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Outback Australia: A WWOOFer’s guide to life on the land

How does a London desk bunny adapt to the remote red dust of Western Australia? Laura Mannering, journalist and editor of online travel magazine World Out There, tells Top50 Ranches about the time she was shown the ropes by two Outback cattle station owners…

Accessing Outback Australia can be hard if you don’t want to spend a fortune, but are keen to avoid the backpacker trail. A two-week volunteer placement on a cattle station called Wonganoo, in the Goldfields of Western Australia, gave me a first-hand insight into Outback existence.

The station spreads over a million acres of burnt Martian landscape, with 3,000 cattle hiding amid the sparse, wizened vegetation. Having grown up in London and lived in the city most of my life, being somewhere so remote was an eye-opener.

Wonganoo is 240km from the nearest small township, Leonora, and a seven-hour drive from the much bigger mining hub of Kalgoorlie. Food is delivered to Wonganoo by the mail man once a week. If you’re really ill, you call the flying doctor. The myriad choices of day-to-day city living are totally absent. I was surprised at how soothing I found it – the huge starry skies at night, the terracotta earth stretching uninterrupted to the horizon. But it was my hosts who really made it special.

Station owners Kathy and Malcolm Boladeras welcomed me in and taught me how to use a power drill, mend barbed-wire fences, solar panels and windmills, lay baits for dingoes (their sheep were wiped out by a dingo invasion five years ago and they are worried their calves will go the same way) and mince camel steaks (there are around 500,000 feral camels in Western Australia, originally imported in the 19th century as a means of transport. Station owners cull them and nutritionists were promoting camel meat as ‘healthier than beef’ when I was there). As Malcolm kindly put it, I was ‘on a very steep learning curve’.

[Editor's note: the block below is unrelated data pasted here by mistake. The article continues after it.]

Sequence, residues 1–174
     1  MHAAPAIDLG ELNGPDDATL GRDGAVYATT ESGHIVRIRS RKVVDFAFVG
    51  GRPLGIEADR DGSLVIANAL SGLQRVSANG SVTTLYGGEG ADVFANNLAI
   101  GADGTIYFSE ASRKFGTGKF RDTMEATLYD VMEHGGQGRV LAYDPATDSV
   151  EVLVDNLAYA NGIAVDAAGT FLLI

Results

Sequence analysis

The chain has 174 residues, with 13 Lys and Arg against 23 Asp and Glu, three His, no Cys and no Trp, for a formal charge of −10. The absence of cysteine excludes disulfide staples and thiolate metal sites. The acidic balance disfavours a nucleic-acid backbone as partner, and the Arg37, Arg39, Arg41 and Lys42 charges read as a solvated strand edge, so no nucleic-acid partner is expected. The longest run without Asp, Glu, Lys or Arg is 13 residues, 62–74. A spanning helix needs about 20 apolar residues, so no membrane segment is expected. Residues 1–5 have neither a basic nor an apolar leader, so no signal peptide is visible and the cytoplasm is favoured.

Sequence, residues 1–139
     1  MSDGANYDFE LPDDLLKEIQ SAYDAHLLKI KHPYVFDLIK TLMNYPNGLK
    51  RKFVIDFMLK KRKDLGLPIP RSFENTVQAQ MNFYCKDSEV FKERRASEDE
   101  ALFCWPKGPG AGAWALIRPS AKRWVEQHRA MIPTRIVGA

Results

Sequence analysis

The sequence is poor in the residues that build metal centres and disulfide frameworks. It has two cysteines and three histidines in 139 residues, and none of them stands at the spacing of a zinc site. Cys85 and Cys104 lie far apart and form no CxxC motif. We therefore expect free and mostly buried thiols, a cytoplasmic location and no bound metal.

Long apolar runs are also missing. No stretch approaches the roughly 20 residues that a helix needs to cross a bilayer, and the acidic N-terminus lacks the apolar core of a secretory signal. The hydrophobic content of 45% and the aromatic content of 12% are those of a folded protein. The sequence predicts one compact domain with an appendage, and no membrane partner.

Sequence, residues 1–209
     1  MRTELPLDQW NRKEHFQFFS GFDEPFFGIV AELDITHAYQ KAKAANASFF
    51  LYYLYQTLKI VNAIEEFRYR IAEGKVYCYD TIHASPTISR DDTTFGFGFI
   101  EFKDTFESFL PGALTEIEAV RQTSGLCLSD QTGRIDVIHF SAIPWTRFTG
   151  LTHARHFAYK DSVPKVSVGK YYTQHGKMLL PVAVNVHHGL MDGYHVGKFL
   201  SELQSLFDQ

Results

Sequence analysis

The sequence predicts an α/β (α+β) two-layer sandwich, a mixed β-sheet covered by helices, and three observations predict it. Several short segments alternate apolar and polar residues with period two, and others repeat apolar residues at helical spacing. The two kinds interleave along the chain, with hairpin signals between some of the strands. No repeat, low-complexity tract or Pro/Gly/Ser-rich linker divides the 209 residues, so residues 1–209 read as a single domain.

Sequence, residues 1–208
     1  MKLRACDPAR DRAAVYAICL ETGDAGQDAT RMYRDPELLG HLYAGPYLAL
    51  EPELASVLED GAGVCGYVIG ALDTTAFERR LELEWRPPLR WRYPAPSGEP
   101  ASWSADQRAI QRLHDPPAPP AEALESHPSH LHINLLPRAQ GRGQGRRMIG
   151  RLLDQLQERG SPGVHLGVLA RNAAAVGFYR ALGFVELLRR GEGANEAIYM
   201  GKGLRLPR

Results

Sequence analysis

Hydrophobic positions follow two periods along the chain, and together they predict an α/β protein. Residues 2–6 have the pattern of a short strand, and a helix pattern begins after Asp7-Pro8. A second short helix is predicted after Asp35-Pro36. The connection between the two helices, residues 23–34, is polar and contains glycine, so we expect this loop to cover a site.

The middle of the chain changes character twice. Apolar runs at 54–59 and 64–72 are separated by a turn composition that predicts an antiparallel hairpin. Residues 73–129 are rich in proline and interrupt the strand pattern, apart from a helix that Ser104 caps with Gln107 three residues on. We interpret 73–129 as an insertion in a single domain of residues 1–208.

Losing their flocks was a devastating blow and the end of an era at Wonganoo – Malcolm’s grandfather had set it up as a sheep station in 1925. Now the couple rely on cattle to make ends meet, but domestic beef prices are low and they make their best money selling bulls to Indonesia. Then there’s the weather – persistent drought relieved by the odd smattering of blessed rain.

Malcolm and Kathy have been taking volunteers at Wonganoo for several years to gain a helping hand – and to give them another way to connect with the world outside. It was a pleasure for me to learn about a way of life so different to my own, and to be welcomed into it so openly.

Volunteering Tips

I arranged my placement through Willing Workers On Organic Farms (WWOOF) Australia which has plenty of Outback options. Sign up online or in person when you arrive in Australia. You’ll pay AUS$60 (around £40) and receive a directory of all the WWOOF hosts. Volunteers are unpaid, can be any age, and do not need a working holiday visa. Your host provides you with food and board and you lend them a hand. Using a tourist visa from the UK, I did five placements all over Australia in three months, and enjoyed them all.

To get the most out of your experience, it’s important to:

  • Know what you want. Are you after something laid-back, or are you willing to pull out all the stops? Some hosts see their role as being a cultural guide, others will treat you as ‘one of the boys’ and expect you to muck in round the clock.
  • Find recommendations from other volunteers via the WWOOF online forum, or by word of mouth if you are already travelling in Oz – plenty of travellers of all ages and backgrounds will have done a WWOOFing stint along the way.
  • Speak to your host on the phone before you turn up. It’s a good chance to see if you click and to check they are bona fide. Lots of WWOOF hosts also have websites too, which are worth a look.
  • Ask questions and make sure you are happy with the set up (the hours you’ll be helping out, where you’ll be sleeping, provision of meals, opportunities to explore the area). WWOOFers are expected to help out for four hours a day, but some hosts want more, some less. Most people ask you to stay for a minimum of five days, others will want a longer commitment.
  • Trust your instincts – if you’ve gone down the line with a placement but don’t feel comfortable with the arrangements, politely back out. Once you’re on a remote farm, particularly if you don’t have your own transport, it can be hard to escape!

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